The $689,000 federal NAWCA grant was derived from one of the nation’s most significant environmental crimes prosecutions. In March 2007, Overseas Shipholding Group Inc. (“OSG”), a multinational shipping company, pleaded guilty to numerous violations of federal law relating to its widespread practice of deliberately discharging oil from its ships on the high seas. OSG paid a record $37 million—the largest-ever criminal penalty involving deliberate vessel pollution—of which $9.2 million was directed to community service projects. The U.S. Attorney’s Office in Boston, where the case was prosecuted by Assistant U.S. Attorney Jonathan Mitchell, directed the funds apportioned for Massachusetts to wetlands conservation and restoration projects, like the Cornell Farm.
“Thanks to a truly impressive collaborative effort and funding support through the US Fish & Wildlife Service, what began as an inspiring idea has become a tremendous conservation success,” added Jennifer Holske, Director of South Coast Community Conservation for The Trustees. Next steps for The Trustees will include working with the community to develop a management plan for the farm. This plan will establish passive recreation and agricultural opportunities and guide the future use of the property. Efforts are also underway to raise funds to support The Trustees long-term maintenance and management of the farm.
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The Trustees of Reservations: Founded in 1891, The Trustees of Reservations is the nation's oldest regional nonprofit conservation organization. Supported by more than 40,000 members, The Trustees protect Massachusetts' natural and historic resources for everyone to enjoy. From working farms to historic homesteads, barrier beaches to mountain vistas, The Trustees own, manage, and interpret nearly 25,000 acres on 96 reservations, including four National Historic Landmarks, a National Natural Landmark, and seven properties listed with the National Register of Historic Places. The Trustees employ 130 full-time and 400 seasonal staff with expertise in many areas, including ecology, education, historic resources, land protection, conservation, land management, and planning. To find out how you can volunteer, become a member, or interview Trustee experts on important topics and issues, contact The Trustees of Reservations at 978.921.1944, visit our website at www.thetrustees.org, or email us at firstname.lastname@example.org.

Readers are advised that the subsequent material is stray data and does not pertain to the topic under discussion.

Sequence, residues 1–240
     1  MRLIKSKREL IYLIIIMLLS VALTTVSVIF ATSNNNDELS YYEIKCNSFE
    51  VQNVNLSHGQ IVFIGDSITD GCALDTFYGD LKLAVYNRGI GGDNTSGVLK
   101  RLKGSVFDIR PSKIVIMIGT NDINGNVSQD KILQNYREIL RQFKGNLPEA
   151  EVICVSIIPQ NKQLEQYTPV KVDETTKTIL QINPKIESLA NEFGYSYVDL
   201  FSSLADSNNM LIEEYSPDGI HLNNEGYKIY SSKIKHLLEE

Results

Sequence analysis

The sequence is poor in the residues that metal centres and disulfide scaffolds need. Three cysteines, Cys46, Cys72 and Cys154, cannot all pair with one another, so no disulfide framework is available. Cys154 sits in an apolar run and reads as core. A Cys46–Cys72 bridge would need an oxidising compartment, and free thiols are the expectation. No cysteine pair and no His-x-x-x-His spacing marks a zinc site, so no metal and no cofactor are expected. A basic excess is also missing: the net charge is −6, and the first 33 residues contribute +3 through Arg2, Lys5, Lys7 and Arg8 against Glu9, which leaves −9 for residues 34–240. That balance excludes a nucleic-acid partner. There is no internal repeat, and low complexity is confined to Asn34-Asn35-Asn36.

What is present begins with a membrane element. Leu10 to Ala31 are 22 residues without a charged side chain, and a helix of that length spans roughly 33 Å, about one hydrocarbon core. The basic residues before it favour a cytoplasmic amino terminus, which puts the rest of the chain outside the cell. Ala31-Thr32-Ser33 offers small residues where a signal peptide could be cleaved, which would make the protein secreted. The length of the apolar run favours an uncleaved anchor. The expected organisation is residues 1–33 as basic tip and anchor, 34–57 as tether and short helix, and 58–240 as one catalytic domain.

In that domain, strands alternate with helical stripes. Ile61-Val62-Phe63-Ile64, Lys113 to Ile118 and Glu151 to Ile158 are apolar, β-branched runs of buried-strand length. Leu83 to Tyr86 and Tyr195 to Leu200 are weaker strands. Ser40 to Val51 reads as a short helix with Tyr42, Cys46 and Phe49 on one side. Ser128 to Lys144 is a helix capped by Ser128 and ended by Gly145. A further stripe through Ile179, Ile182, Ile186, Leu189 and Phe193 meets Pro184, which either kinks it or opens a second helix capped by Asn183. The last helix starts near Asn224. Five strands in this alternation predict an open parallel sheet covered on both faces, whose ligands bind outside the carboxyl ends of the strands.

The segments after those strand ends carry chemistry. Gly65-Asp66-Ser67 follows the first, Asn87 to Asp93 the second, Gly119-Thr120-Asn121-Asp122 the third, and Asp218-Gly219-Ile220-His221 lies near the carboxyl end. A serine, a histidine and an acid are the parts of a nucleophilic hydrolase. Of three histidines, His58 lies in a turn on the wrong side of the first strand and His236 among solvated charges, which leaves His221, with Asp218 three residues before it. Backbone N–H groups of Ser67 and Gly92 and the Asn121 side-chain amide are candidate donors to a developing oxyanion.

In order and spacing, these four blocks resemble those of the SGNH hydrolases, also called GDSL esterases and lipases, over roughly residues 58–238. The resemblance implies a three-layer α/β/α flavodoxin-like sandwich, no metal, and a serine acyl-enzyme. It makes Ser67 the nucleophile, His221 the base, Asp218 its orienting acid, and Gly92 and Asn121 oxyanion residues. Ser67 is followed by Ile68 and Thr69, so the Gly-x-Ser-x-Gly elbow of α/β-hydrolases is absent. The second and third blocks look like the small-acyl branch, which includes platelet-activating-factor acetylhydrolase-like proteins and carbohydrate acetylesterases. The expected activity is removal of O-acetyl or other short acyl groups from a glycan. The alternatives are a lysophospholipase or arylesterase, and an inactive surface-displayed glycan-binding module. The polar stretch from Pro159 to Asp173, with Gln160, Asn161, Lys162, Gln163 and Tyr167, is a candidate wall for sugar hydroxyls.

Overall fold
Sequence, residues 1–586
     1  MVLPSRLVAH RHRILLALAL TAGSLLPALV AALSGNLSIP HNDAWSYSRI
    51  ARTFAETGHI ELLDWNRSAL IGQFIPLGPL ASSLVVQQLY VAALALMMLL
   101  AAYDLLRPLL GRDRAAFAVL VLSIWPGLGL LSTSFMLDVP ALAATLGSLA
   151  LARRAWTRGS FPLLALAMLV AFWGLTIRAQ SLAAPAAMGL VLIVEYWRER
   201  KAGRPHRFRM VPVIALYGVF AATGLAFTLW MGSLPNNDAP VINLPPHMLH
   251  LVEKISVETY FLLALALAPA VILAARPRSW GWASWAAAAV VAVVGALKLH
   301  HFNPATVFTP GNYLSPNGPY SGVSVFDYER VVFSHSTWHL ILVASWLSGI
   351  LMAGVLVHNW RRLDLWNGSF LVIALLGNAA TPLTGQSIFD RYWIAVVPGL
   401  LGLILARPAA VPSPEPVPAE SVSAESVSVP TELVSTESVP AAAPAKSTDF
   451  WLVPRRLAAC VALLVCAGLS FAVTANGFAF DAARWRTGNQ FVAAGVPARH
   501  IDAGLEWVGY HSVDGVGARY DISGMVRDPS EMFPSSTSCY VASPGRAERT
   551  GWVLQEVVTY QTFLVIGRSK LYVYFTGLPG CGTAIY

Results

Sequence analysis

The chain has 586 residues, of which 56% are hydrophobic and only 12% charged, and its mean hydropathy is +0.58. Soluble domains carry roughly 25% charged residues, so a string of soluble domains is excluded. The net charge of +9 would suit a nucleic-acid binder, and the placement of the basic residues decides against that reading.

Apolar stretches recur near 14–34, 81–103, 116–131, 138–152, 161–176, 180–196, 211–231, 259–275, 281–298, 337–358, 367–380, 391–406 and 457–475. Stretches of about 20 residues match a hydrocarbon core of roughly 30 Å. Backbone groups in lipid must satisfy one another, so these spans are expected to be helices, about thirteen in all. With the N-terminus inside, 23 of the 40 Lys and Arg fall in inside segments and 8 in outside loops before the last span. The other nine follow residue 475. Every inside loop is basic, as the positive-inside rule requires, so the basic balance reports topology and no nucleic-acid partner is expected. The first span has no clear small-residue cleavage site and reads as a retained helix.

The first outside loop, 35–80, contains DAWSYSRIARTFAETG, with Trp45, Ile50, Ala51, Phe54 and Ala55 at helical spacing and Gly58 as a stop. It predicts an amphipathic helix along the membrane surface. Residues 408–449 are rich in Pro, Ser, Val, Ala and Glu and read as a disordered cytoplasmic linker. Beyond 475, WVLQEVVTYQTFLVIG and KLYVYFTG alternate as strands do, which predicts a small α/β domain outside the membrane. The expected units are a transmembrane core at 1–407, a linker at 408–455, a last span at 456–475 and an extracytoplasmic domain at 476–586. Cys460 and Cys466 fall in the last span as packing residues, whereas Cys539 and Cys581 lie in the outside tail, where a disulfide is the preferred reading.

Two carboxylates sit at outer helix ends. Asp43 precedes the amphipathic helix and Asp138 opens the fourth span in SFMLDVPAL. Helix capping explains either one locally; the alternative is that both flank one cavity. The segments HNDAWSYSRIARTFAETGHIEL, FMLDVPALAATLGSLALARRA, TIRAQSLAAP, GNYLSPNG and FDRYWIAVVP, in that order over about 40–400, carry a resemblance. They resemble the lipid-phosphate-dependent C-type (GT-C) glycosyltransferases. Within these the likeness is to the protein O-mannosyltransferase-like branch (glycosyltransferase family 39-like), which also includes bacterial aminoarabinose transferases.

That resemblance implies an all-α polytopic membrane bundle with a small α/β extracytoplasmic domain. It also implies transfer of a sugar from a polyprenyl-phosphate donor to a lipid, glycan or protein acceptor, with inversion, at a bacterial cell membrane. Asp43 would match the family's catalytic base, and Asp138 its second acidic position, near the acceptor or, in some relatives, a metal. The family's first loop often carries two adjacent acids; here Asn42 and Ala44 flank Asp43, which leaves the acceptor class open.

Dartmouth Natural Resources Trust: Dartmouth Natural Resources Trust is a non-profit land trust founded in 1971 to preserve and protect Dartmouth’s natural resources for people and nature, forever. DNRT works to accomplish its mission by:
• Identifying and preserving important wildlife habitats, farmlands, historic sites, wetlands, and open spaces in Dartmouth by purchasing or accepting donations of land and conservation restrictions.
• Protecting our lands through stewardship practices based in science and designed to maintain the working landscape and enhance biodiversity and healthy ecological systems while encouraging public access.
• Collaborating with other organizations to accomplish our land conservation and stewardship goals.
• Educating and engaging all sectors of the community to ensure the long-term support for natural resource conservation and stewardship.